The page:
Students from across southern California came together in Rancho Mirage, California to rally against the Koch Brothers and Corporate Personhood on Sunday, January 30.
According to the 14th amendment, corporations have the same legal rights as individuals. Corporations can donate to campaigns while having the same rights to privacy and protections as individuals do. According to Forbes Magazine in 2008, Koch Industries, Inc., owned by David and Charles Koch, is the second largest corporation in America.
Individuals and organizations came together to jointly protest Koch Industries, Inc. and Corporate Personhood.
Prior to the rally, Common Cause, a group that was started to give citizens a voice in politics, hosted a panel called “Uncloaking the Kochs.” On the panel were former Green Jobs advisor under the Obama administration and co-founder of multiple non-profit organizations Van Jones, Law Professor at UC Irvine Erwin Chemerinsky, Political Researcher Lee Fang and DeAnn McEwen, President of the California Nurses Association.
Between the panel and the protest, a makeshift stage was created on the back of a truck. People stood on the “stage” and shared personal stories of how the Koch brothers and corporate personhood deeply hurt their lives, including stories of lost jobs and homes.
Directly after the rally, protesters gathered in front of the hotel where the Koch Brothers were having their bi-annual “billionaires’ caucus.” During the protest, which lasted a few hours, a handful of protesting students were arrested.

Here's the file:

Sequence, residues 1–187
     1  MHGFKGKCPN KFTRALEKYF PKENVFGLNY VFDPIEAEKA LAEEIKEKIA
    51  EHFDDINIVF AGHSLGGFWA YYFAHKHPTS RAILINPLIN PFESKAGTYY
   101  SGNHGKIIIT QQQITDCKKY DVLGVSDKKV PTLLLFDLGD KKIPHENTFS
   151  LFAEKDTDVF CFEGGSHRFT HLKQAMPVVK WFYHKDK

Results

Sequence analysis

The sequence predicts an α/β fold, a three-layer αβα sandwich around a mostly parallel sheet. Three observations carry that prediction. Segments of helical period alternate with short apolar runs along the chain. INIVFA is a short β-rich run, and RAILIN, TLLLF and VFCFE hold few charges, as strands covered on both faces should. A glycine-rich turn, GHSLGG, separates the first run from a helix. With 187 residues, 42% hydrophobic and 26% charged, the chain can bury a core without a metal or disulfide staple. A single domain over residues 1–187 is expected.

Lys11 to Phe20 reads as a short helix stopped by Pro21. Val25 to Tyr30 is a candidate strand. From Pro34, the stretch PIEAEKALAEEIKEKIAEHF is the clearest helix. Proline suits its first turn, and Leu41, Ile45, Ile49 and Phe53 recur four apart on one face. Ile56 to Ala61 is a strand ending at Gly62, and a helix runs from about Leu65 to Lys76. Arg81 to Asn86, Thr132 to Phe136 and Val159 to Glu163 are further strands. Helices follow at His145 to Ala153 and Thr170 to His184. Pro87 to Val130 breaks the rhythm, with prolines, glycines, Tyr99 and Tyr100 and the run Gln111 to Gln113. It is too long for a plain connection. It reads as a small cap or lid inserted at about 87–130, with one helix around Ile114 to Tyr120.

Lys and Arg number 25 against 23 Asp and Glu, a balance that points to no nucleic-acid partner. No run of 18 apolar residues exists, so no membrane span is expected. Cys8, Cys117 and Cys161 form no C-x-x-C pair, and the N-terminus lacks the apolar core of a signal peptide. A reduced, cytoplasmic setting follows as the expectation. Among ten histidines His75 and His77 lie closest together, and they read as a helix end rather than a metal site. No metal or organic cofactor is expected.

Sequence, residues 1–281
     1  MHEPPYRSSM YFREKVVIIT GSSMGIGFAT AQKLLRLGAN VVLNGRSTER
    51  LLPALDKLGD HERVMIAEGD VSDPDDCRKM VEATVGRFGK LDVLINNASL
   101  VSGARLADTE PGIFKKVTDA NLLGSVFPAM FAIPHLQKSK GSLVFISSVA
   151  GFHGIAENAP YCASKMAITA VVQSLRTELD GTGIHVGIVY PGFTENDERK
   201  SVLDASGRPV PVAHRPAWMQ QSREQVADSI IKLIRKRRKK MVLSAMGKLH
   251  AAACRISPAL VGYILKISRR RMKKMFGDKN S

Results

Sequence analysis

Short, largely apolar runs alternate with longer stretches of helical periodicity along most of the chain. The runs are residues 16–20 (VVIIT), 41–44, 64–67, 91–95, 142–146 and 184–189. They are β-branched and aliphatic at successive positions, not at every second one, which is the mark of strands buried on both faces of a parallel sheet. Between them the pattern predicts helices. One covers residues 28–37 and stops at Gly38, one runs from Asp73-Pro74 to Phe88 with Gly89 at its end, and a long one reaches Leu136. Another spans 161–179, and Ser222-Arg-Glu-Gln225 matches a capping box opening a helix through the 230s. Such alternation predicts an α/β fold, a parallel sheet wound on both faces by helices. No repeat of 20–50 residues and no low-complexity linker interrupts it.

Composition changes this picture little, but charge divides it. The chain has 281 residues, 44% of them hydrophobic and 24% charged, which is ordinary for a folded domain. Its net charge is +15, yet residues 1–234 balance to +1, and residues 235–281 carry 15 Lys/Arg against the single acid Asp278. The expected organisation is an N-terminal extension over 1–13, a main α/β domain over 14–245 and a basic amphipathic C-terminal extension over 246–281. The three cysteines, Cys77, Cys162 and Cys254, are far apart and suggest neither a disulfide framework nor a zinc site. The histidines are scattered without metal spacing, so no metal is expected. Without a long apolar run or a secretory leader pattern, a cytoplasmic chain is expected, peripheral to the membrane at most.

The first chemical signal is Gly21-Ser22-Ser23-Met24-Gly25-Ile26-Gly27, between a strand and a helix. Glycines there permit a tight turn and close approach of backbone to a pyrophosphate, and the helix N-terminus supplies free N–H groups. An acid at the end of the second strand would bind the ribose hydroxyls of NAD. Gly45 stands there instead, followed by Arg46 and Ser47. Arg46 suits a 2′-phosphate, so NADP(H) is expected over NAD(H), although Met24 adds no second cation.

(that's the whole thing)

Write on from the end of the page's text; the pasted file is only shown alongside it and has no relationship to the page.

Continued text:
The protest was planned and streets were blocked off ahead of time. Rows of officers in helmets with battery sticks in hand stood in front of the building that the Koch brothers were holding their meeting.
When questioned about expectations or asked for comments all officers simply replied “no comment”. Protesters chanted the entirety of the protest until they were repeated warned by an officer in a firm tone to retreat and stop obstructing traffic.
Corie Radka, a recent Environmental Studies and Zoology graduate of UCSB, was at the rally with the California Student Sustainability Coalition (CSSC) and members of UCSB’s Environmental Affairs Board (EAB).
“Initially I was shocked. It doesn’t make sense, corporations shouldn’t have that right,” said Radka. “[Corporate personhood] is the root of many of the environmental and social issues that EAB has campaigns on.”